The first big WTA event of the summer swing in North America is about to pick up its winner. The women's singles final will feature a match-up between Coco Vandeweghe and Madison Keys. Thus, it's going to be an all-American confrontation to cap solid edition, the first one in years when all the first eight seeded players have reached the quarterfinals. A Premier category event, the Bank of the West Classic also provides a first glimpse of how things may unfold prior to US Open. The last act will oppose the third seeded player Keys vs the sixth seed Vandeweghe.

Last year's champion Johanna Konta decided not to defend her title.

Coco Vandeweghe reached the final without dropping a single set

The 25-year-old American who's currently ranked 24th in the world made no mistakes en route to her first final of the season. Although she has a great record in 2017 reaching the semis of the Australian Open and the quarterfinals at Wimbledon, she is yet to deliver a flawless run. She has a good shot in Stanford, CA as her ongoing week of tennis on cement has been quite solid. Without dropping a set the entire tournament, she can cap her first title of the season. In the semis, she got past Cici Bellis, the young American tennis star while in the last eight stages she had to deal with a well-established name of the WTA Tour Anastasia Pavlyuchenkova.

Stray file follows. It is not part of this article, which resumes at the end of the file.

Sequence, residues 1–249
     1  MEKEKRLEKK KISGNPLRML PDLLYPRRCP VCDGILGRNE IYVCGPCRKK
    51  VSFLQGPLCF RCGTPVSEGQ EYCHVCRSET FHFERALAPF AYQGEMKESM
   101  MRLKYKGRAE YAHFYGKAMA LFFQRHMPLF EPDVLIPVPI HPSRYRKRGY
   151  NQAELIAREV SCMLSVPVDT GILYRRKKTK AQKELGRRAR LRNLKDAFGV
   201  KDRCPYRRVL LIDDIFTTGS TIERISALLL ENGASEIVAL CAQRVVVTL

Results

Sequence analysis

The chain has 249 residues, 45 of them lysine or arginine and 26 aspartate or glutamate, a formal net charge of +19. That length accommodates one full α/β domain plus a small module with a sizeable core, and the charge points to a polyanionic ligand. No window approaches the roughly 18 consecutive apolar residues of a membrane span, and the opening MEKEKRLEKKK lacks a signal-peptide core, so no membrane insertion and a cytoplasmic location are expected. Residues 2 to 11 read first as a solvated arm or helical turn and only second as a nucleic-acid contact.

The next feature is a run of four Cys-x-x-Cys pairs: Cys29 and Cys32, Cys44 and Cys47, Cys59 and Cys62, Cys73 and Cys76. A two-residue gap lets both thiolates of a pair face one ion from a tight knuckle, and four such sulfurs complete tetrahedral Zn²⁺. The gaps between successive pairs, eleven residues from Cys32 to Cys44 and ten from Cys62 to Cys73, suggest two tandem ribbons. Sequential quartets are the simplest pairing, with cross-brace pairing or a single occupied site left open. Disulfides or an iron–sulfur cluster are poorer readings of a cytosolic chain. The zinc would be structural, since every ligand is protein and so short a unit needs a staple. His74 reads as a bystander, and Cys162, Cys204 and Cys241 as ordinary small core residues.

Although may sound a little bit weird, Coco and Madison Keys will have their first ever encounter on a WTA level tournament.

So far, Vandeweghe has some decent number under the belt. Entering this event she was 20-11 in win/ loss ratio.

Madison Keys topped the first seed Muguruza in the previous round

A former WTA top 10, Madison Keys has had a slow start in 2017.

Struggling with an injury last autumn she resumed playing at Indian Wells thus skipping several big tournaments including the Australian Open. She is yet to find her best shape but in Stanford, things are going on the right track for her. In the semis, she stunned 2017 Wimbledon champion Garbine Muguruza in straight sets to book herself a spot in the final.

It's an impressive win given the fact that Muguruza hadn't lost a set the whole week.

The absence of any significant result made Key's ranking to plunge as she is now ranked 21st in the world. If she wins in Stanford she could balance the scales in her favor. At 22 years of age, she has plenty of time ahead. Entering Stanford, she was 5-7 in win/ loss counter but those numbers are subject to improvement.